Fun being myself . . !



QUITE a few years back, I remember a flag hoisting: I watched as my dear friend slowly made her way across to hoist the flat. She was eighty-four. “Bob,” she used to say, “In Jalandhar where I lived with my husband, I used to be known for who I was, here I am known as someone’s mother or the children’s grandmother!” And as the frail hands pulled the rope that held the flag I whispered to her, “Now you’re famous.”

“Yes,” she whispered back, her eyes twinkling, “from today people will point to my son and say that is her son and to my grandchildren; those are her grandchildren.” We both laughed and I steadied her as we stood straight and sang the national anthem. US Congressman Tribble told a story about teaching his daughter that she was her own person. Wherever she went, the little girl was constantly associated with her father. “Oh, you must be Congressman Tribble’s daughter,” well-intentioned adults would coo.She explained to her parents that she wanted to be herself, not simply known as Congressman Tribble’s little girl. Her father told her not to worry about it. Her mother, who perhaps understood the problem better, suggested, “The next time that happens, just stand right and say, “I am Constance Tribble!”

The opportunity arose just a few days later. A group of people met her and when they heard her name, they said, “Why Congressman Tribble must be your father!” Constance looked right back at them and said, “Oh, no! That’s not what my mother says!”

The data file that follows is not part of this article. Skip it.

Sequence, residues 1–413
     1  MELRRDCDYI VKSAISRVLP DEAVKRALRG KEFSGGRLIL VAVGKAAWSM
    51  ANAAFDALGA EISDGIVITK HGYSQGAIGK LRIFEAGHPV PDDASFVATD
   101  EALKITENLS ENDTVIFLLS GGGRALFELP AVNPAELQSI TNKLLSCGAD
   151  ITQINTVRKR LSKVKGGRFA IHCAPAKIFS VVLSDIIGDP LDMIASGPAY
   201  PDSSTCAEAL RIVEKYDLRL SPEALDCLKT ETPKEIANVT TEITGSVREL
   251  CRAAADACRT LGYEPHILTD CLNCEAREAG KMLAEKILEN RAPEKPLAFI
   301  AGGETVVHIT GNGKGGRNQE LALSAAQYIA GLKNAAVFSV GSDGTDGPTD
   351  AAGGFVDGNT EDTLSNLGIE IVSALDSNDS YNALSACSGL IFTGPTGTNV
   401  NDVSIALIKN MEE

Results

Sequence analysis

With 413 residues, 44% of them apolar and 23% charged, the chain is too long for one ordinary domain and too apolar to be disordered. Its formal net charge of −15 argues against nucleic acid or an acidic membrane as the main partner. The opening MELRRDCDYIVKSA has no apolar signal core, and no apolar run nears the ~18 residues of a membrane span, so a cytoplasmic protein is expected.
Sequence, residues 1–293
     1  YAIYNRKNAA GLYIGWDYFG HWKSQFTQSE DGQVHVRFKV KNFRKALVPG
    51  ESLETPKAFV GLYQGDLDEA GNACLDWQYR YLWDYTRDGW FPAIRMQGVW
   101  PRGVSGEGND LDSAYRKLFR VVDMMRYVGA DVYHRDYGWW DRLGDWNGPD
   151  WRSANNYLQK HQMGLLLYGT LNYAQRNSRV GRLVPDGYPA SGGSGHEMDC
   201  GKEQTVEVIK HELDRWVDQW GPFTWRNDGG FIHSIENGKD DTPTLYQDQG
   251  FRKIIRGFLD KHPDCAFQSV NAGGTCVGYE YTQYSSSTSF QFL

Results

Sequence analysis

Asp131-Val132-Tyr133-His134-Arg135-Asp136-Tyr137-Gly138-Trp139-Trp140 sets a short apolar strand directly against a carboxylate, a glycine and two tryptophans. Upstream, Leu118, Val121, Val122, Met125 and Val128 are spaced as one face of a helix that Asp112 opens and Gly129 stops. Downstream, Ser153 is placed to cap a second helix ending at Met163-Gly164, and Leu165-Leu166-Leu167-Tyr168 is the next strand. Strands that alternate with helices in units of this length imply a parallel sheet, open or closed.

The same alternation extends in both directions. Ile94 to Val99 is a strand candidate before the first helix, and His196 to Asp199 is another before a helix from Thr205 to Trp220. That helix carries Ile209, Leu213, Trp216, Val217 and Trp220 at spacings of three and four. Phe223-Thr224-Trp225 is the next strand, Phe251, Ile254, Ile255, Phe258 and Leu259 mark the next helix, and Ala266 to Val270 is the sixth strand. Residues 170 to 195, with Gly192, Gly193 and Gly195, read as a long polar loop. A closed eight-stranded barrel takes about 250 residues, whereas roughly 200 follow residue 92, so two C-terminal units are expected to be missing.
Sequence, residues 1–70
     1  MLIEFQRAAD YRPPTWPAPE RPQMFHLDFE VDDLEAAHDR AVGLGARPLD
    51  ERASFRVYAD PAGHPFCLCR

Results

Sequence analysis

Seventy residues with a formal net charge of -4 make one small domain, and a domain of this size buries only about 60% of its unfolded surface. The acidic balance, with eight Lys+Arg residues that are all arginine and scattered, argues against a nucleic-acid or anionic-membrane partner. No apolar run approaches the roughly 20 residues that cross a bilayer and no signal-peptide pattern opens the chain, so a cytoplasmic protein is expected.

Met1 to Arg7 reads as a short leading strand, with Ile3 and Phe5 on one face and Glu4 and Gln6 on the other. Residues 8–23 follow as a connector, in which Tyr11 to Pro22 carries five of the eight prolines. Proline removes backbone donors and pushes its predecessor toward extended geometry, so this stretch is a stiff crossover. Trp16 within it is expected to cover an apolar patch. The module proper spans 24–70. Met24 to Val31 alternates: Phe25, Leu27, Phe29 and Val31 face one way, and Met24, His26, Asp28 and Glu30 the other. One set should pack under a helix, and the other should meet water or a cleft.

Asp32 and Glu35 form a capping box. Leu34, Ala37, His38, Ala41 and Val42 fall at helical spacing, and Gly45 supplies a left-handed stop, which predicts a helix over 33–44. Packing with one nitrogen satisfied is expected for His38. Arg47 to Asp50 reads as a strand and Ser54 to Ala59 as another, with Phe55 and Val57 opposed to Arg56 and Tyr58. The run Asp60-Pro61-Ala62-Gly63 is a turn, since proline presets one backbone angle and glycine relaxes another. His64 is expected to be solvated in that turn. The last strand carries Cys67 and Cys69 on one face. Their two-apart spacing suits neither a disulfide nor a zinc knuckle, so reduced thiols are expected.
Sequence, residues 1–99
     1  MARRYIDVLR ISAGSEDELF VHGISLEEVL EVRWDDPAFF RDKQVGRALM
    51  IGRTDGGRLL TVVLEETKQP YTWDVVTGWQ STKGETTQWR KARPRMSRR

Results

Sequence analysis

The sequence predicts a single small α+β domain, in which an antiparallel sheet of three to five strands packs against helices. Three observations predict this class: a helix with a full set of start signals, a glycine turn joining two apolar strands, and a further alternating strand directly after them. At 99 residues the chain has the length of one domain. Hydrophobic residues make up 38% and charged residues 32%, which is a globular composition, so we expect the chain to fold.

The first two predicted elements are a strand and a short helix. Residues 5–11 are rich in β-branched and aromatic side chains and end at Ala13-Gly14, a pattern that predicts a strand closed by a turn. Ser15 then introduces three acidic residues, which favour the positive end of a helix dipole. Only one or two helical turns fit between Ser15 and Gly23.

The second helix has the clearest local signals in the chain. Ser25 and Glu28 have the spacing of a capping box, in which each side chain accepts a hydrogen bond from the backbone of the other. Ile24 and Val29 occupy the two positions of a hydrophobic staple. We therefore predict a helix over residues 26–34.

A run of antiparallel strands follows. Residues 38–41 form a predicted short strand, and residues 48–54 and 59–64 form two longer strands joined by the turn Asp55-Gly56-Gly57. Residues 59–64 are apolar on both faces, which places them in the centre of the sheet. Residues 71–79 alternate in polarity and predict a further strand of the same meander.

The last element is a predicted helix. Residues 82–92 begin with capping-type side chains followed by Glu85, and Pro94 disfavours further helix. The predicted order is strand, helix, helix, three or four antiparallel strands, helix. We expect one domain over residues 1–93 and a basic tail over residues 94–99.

Ooops! Here are two instances of people who wanted to tell the world they were their own persons. And yet there are so many of us who go through life either imitating others or living up to the expectations of those around.

For many years I felt in a party I had to be like some of my friends; cracking jokes, talking at the top of my voice and generally being noticed. I did a pretty bad job of the whole thing. I never remembered any jokes at party time, couldn’t muster enough volume over the others and am not sure I was noticed.

Today I have a reasonably good time at gatherings just being myself. I love sitting and observing the crowd, instead of pacing all over the room with a glass in hand. I avoid the joke cracking crowd and generally chat with people I find interesting, and quite often leave after making a new good friend.

I learnt it was fun being myself. Try doing the same. Don’t just live under the shadow of a father or husband or wife, be yourself, and have fun doing the same..!